The novel Coronavirus has been a shock to us all, but as we step into a new era. One where the memory of endemic disease and widespread upheaval is no longer distant and theoretical, the value of scientists will be felt deeply. Communities across the world are looking anxiously to the scientific community to develop solutions in the face of the global pandemic.
It is obvious that attention in Europe and around the world is turning to pharmaceutical and biomedical research as we look for drugs to help mitigate the spread of the virus. We are also all looking to find out whether any currently used drugs can be repurposed to reduce the severity of the effects. None of this research or implementation can happen without highly qualified researchers and state of the art facilities.
In the scientific community, there has always been an awareness that it is important to maintain the ability to take strides quickly in a crisis. That awareness is now universal and is creating mass public support for more funding, more facilities and greater respect for the sciences in general. As Europe re-opens after the crisis, it will be with the same infrastructure and traditions but a new set of priorities.
University communities will batten down the hatches for the coming months, but the academic community has seen even greater storms than this in the past. Resilience is part of the scientific culture, temporary compromises are part of the scientific method itself. A benefit of academic work is that it can be safely carried on in relatively controlled conditions and the work of scientists now is generating gratitude and appreciation in government circles and in the wider public. The controlled conditions required to make progress will be of interest, particularly to government bodies and greater funding for labs and experimental facilities is already coming online.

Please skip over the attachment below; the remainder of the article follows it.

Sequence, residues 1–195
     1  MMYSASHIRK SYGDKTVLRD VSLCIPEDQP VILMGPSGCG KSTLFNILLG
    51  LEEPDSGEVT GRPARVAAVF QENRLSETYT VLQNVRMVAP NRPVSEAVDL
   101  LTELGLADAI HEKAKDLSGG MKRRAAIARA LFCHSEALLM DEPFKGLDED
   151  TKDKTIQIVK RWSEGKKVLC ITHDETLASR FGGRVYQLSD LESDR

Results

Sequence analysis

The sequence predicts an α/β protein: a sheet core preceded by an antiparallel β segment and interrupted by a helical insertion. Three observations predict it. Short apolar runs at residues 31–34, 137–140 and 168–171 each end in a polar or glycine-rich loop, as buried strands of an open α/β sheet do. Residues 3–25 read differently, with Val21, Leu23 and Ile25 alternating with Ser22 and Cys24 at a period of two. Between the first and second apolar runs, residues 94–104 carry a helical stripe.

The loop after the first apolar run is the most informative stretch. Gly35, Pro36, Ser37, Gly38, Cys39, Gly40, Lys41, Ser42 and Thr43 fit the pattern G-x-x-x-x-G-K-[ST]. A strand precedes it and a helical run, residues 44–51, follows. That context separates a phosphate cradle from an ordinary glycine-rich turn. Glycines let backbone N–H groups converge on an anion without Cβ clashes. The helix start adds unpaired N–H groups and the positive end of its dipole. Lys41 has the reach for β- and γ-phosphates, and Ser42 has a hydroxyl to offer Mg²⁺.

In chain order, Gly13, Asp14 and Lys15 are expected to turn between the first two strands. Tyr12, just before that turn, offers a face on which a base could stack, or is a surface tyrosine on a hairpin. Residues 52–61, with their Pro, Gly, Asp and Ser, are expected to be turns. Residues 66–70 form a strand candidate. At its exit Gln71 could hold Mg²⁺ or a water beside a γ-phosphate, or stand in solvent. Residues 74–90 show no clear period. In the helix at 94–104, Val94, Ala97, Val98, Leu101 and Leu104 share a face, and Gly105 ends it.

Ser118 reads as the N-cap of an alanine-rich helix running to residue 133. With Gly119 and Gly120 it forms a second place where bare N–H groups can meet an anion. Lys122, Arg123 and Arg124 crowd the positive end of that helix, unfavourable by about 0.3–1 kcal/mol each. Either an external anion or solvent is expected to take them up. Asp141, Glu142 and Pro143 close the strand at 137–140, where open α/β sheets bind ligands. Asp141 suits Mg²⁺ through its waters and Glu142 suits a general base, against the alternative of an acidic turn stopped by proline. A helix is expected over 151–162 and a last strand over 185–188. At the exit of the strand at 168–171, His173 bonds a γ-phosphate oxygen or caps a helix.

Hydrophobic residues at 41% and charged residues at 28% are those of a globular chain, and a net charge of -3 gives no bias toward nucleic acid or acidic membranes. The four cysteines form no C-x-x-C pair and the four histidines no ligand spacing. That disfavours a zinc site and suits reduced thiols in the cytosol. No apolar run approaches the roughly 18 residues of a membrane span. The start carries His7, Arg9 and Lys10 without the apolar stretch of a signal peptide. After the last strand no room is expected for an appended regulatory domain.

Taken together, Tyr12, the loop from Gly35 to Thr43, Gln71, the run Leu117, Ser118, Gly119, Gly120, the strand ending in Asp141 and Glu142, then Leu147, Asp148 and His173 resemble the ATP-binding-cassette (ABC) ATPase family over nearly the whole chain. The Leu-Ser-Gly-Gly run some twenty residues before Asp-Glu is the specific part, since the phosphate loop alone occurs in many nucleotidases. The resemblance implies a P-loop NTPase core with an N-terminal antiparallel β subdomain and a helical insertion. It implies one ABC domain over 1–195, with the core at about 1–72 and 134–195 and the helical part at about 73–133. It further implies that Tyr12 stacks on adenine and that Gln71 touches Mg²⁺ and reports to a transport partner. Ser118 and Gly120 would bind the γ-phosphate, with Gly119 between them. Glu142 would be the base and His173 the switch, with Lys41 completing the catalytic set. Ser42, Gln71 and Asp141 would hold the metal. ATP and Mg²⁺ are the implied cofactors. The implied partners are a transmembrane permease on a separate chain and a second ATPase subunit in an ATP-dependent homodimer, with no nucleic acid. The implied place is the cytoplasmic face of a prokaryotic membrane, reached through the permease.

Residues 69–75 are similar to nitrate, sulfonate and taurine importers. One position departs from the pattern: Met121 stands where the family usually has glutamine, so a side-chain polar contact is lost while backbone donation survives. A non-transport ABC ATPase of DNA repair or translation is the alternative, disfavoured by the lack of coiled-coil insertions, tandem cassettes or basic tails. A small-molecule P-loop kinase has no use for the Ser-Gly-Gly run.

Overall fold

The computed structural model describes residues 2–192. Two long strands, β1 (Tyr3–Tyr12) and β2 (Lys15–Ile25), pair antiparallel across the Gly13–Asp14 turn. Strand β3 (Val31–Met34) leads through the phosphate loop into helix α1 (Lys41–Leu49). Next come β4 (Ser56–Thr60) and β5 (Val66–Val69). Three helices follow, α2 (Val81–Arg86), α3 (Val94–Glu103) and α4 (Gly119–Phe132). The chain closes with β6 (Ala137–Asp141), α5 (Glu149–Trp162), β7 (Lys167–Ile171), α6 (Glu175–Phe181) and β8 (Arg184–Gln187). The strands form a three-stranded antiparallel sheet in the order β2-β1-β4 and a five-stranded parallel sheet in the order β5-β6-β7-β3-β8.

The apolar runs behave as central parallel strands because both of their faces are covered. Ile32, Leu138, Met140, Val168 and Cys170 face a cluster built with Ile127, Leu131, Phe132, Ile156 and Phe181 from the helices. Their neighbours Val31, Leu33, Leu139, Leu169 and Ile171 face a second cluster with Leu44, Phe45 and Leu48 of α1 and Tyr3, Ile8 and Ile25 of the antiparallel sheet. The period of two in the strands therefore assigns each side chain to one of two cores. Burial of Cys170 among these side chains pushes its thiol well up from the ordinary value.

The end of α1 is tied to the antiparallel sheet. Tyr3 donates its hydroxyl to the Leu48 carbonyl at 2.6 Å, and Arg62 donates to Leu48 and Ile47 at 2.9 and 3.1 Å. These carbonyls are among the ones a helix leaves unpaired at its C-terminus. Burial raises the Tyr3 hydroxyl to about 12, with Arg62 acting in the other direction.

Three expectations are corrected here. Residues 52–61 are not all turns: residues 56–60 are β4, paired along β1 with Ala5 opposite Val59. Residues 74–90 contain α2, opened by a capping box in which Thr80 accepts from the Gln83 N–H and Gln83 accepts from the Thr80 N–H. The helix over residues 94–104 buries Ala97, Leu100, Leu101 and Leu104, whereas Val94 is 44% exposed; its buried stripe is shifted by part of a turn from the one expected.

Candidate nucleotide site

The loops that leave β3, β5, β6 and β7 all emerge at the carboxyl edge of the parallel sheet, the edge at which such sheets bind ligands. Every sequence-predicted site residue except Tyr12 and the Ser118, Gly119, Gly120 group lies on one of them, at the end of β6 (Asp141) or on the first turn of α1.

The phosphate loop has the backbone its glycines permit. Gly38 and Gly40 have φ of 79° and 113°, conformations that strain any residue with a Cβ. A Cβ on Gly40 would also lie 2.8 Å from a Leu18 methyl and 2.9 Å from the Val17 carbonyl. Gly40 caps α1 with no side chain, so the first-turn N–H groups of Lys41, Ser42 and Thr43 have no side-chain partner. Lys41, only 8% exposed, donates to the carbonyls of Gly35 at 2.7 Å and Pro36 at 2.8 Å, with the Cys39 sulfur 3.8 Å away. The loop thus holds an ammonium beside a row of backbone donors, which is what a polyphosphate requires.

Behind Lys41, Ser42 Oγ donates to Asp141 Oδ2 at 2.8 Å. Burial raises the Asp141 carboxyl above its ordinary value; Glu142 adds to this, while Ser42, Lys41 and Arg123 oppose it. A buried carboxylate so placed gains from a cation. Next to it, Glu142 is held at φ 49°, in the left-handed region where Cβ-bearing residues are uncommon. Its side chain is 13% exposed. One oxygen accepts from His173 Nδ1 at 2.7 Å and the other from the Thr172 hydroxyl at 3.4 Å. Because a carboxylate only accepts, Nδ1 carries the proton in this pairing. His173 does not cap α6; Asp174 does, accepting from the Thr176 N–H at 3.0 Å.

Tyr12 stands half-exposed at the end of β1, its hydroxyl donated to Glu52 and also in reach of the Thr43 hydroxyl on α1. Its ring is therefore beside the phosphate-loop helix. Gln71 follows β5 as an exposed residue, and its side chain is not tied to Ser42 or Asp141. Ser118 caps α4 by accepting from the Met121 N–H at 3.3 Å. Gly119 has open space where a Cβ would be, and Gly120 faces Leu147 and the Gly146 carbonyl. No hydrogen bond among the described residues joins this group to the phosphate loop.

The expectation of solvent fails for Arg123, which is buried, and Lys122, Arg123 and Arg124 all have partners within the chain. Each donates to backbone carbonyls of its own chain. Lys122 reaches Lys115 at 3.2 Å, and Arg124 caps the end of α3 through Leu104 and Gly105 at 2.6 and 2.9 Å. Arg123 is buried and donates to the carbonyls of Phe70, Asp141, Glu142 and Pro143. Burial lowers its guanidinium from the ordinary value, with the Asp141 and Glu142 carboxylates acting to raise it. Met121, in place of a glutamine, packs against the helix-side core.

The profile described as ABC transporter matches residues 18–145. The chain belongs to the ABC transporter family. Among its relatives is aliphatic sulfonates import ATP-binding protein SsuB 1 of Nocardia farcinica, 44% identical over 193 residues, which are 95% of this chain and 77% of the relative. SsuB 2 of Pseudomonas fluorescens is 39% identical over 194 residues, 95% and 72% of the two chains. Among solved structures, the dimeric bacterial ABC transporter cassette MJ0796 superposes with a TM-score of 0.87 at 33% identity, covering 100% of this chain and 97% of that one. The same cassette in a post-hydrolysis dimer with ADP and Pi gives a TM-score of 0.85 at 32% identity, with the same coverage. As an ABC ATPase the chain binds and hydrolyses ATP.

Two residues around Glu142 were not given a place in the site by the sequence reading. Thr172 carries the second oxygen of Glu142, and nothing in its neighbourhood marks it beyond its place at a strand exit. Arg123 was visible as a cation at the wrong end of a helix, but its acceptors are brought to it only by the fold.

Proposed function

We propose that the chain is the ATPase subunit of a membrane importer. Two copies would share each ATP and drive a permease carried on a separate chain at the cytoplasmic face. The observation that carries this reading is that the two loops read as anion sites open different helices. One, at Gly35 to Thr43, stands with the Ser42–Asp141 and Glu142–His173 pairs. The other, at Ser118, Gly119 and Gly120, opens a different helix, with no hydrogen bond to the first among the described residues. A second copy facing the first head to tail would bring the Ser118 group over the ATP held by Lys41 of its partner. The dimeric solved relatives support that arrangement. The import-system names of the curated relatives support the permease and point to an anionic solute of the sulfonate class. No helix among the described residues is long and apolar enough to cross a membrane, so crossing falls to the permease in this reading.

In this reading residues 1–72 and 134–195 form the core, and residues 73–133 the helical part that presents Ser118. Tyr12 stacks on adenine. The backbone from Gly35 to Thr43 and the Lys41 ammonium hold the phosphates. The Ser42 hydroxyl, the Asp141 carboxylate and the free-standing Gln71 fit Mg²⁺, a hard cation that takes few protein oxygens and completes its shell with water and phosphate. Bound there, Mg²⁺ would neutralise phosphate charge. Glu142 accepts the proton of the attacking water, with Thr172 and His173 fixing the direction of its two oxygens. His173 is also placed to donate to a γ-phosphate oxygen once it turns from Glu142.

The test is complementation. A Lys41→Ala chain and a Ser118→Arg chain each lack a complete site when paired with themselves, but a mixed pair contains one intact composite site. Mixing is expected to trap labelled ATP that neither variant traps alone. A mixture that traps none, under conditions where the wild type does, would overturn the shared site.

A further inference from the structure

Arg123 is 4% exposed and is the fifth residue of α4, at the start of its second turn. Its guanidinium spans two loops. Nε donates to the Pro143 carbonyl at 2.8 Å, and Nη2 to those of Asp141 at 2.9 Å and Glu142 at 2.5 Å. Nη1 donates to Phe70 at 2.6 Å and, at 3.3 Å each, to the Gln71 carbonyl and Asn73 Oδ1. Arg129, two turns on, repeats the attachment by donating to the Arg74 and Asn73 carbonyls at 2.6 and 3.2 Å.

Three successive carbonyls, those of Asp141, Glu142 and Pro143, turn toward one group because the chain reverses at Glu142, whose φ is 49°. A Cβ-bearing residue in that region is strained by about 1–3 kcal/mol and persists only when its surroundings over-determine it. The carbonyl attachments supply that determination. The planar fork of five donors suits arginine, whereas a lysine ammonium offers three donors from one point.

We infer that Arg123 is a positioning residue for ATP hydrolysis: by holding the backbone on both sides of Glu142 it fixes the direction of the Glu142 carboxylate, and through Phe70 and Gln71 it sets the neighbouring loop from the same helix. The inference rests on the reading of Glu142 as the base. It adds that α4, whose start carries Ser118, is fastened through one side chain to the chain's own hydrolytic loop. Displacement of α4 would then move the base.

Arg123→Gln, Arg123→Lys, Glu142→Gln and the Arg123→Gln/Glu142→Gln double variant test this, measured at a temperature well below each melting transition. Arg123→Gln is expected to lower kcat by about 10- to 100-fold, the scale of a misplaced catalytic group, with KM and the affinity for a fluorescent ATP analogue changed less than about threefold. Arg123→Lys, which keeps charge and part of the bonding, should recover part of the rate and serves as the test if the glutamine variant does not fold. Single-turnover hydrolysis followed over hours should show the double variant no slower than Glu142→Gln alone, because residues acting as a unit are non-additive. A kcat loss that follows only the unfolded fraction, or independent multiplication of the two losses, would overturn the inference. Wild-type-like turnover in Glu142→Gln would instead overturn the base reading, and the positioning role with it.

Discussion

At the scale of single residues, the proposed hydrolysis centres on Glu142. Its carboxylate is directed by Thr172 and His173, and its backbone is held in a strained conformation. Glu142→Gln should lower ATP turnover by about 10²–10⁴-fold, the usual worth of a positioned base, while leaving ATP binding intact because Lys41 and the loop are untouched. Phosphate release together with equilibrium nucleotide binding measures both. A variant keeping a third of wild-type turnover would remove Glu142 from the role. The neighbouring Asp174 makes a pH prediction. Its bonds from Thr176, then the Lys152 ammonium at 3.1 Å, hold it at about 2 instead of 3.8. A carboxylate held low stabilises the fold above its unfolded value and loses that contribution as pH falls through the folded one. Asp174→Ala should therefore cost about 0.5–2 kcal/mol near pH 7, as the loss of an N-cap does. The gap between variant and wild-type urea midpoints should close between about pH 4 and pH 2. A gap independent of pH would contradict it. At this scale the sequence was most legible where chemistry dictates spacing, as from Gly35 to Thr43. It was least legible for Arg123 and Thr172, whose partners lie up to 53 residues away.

Europe as a whole is suffering losses at the moment. Those losses will be emotionally heart wrenching but the human capacity to be galvanised by loss should not be underestimated. Governments across Europe are investing heavily in research, even now, and the pace of investment is only increasing. This is not limited to the natural and medical sciences. With drones, automation, virtual learning platforms, and communication technologies all making a crucial contribution to the crisis, the value of innovation has never been clearer. Italy has used virtual presence to enable funerals, Spain are using drones to encourage social distancing and every country in Europe is being kept functional by remote working.
Europe is perhaps uniquely well placed to recover after this crisis. After a time of mourning, our societies have the structure and governmental organisations to mobilise an effective response to repair and revitalise our collective resources. Governments are implementing stimulus packages as we speak and are poised to continue their support into the recovery phase once the virus is under control. The silver lining of the Covid-19 crisis may be that we all recognise the importance of our scientific community and foster a spirit of even greater progress in the future.